But the question and answer session yielded some precious gems of wisdom that can show the way forward if we want to move on. What emerged clearly is that military strength will not help us in the post-Cold War era in a world where there has been a paradigm shift to globalisation, technological revolution and knowledge-based societies.

In the international order of today, trade, economic cooperation and people-to-people interaction are the norm. China changed its position in the world not through military confrontation but its economic management. (Mr Riaz Mohammad Khan was Pakistan’s ambassador to Beijing from 2002-2005 and was instrumental in fostering close ties between the two countries at a time when the war on terror had begun to shape the destiny of our country.)

How much sense does all this make to our military which calls the shots and the civilian government that submits to the men in uniform?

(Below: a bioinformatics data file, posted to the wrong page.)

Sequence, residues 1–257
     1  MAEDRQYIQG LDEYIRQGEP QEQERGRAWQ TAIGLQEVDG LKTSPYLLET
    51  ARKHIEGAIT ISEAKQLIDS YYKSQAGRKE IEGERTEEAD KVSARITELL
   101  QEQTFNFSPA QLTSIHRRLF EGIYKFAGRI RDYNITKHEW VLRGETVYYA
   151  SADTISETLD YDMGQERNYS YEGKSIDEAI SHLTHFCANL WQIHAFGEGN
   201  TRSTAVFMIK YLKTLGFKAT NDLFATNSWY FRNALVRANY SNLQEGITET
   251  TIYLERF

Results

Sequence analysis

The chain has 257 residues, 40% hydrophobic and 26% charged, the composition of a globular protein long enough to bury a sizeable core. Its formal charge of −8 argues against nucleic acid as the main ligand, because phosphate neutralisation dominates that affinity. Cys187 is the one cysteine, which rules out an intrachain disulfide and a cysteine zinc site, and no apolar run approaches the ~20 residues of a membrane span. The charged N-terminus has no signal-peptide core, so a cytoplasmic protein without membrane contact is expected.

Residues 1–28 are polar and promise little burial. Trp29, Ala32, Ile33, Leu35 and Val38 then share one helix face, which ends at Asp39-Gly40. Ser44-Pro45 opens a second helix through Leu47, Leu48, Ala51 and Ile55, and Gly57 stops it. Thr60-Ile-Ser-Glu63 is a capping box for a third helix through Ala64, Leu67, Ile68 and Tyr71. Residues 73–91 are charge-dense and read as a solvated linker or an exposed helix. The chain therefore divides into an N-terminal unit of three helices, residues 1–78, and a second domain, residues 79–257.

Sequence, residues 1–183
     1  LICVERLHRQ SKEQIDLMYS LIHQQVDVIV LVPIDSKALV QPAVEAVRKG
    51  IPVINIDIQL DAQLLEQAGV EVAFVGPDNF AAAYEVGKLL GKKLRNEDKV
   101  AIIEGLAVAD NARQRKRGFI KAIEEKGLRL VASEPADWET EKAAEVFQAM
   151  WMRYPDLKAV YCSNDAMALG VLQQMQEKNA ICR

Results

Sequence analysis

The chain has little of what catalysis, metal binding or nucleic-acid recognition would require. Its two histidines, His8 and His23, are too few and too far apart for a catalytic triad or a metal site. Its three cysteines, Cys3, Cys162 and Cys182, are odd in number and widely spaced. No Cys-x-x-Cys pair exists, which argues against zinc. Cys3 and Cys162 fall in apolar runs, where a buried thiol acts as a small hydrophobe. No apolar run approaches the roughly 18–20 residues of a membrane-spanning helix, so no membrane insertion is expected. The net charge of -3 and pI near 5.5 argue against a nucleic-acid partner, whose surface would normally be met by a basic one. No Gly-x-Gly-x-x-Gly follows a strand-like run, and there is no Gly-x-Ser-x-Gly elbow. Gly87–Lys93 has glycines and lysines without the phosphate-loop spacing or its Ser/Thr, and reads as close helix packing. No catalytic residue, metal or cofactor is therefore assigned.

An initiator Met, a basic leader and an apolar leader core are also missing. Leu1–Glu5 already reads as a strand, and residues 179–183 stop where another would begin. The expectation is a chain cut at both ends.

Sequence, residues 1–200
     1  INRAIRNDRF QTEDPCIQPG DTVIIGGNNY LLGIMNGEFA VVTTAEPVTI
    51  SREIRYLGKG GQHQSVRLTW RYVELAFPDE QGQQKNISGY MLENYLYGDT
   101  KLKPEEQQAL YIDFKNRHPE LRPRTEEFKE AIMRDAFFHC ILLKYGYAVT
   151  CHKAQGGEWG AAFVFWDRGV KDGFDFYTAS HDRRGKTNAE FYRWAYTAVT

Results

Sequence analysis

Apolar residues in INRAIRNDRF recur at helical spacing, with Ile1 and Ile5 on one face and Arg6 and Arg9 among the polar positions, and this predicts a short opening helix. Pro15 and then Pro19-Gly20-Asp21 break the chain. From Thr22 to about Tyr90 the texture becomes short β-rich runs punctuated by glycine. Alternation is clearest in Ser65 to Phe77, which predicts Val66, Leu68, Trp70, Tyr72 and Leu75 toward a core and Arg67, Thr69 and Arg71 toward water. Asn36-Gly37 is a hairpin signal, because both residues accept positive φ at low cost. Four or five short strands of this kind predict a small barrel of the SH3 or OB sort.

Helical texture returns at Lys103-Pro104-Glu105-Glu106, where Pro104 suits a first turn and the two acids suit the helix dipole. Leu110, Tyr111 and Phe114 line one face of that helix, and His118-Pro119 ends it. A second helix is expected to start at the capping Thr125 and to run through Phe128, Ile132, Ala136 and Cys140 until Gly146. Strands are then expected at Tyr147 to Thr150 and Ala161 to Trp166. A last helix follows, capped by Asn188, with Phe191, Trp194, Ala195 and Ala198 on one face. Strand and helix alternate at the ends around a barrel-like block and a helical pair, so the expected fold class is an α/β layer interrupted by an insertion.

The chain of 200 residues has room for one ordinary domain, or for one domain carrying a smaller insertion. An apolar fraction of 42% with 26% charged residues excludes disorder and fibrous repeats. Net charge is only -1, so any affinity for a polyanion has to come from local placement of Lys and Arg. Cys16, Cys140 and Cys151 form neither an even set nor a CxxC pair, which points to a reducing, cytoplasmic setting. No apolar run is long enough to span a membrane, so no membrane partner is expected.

It is a pity that the concepts of strategic depth and strategic assets continue to dominate our foreign and defence policies. Needless to say, they rob our government of the capacity to have choices. The former foreign secretary very categorically stated that nuclear assets do create the capacity in us to ensure that others cannot mess around with us, but they do not give us the capacity to mess around with others.

As for the strategic-depth concept, it is offensive to the Afghans. He was right because this concept implies some kind of Pakistani control over Afghanistan, and no government in Kabul with dignity and self-respect would tolerate that.